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A clear, precise statement, the Turkish pavilion attempts the essence of a nationality.

Turkey's pavilion is a building in a cage. A rectangular steel structured box, some 12m high, clad in aluminium and glass, is wrapped to south, east and west by timber screens. With their 300mm square grillages, the screens, made of treated pine, are clearly an abstraction of the Middle Eastern mashrabiya, the traditional wooden screen that protects windows from the sun and from intrusive glances, while allowing air to circulate and inhabitants to look out.

Between screens and building are long thin pools, symbolic of the three seas that surround Anatolia. On the south side, a gently arcing timber bridge hovers over the water and gently delivers visitors to the entrance, three metres above ground. Inside, you find yourself on the middle of three square platforms made of the same timber as the screens. In front is a long glass reception desk with, when I was there, a mass of beautiful scarlet species tulips (Turkey's national flower) in glass troughs underneath (what happens when the tulips are over?). To the left is the highest platform, with a glittering silver plexiglass globe in its centre; to the right is the lower one.

Reaching the ground between the olives, you can study the videos of the country, or turn round to be reminded of the traditional cantilevers of old Turkish timber houses in the structure of the platforms, which bear out from massive trabeated frames of laminated timber, with their construction clearly articulated. On the ground beneath the platforms is the shop and more gallery space. From this level, you can rise again by a grand stair (or lift -- for once, movement for the handicapped is not difficult) to a gallery which runs all along the north side of the exhibition space. This is enclosed in a rectangular box which runs parallel to the main one and projects slightly to the west. At ground level, this volume contains services, offices and so on. Its gallery level is full of light, and decorated with modern versions of Iznik tiles, the wonderful blues of which traditionally celebrated fine public buildings. At this level is a 16m long table formed like a boat where 50 can sit down together at what the org anizers call a traditional Turkish communal table. (It's a genial idea, but I've never come across a real one in Turkey.) Externally, this back block is not the most successful part of the building: the layered transparency of the front changes abruptly to opaque panels part of the way along the north elevation, and the window openings do not coincide with the square grid of the panels.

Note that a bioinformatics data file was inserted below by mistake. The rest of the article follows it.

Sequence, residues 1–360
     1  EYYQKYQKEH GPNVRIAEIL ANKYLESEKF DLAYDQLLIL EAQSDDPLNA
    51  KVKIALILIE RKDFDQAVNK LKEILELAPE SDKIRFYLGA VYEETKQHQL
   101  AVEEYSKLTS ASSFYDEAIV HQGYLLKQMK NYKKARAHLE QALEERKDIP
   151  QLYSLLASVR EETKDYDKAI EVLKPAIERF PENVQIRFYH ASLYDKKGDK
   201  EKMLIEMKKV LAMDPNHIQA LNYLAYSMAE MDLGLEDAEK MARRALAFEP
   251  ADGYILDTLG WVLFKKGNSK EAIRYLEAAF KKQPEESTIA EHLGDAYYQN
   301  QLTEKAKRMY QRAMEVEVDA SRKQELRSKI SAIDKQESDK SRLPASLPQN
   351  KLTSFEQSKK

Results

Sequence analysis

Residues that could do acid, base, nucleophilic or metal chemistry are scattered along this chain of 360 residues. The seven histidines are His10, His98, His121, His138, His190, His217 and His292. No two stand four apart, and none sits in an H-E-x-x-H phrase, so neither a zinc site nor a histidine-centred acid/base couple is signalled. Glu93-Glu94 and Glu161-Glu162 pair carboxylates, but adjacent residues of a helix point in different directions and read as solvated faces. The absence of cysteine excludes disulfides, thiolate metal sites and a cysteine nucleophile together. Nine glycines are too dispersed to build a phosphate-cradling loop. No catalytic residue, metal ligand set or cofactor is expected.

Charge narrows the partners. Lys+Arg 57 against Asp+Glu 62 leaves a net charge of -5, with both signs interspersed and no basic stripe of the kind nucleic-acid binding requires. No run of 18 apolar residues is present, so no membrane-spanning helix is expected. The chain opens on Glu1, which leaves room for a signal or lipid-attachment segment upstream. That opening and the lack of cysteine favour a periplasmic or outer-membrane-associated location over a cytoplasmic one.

But much can be forgiven for the internal space, the layered treatment of front and sides -- and for the environmental control system. On hot days the greenhouse effect of a big glass building is combated not only by the mashrabiyas, but also by convection. Air is drawn in over the cooling water through louvres in the glass wall, then rises to be expelled through the plexiglass pyramids in the roof and through the northern clerestory at the vertical junction between the two plan elements. Such automated convected climatic control is by no means unusual these days, but in the Turkish pavilion it is more clearly articulated than in any other at Expo.
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Publication:The Architectural Review
Article Type:Brief Article
Geographic Code:7TURK
Date:Sep 1, 2000
Previous Article:HUNGARIAN ARK.

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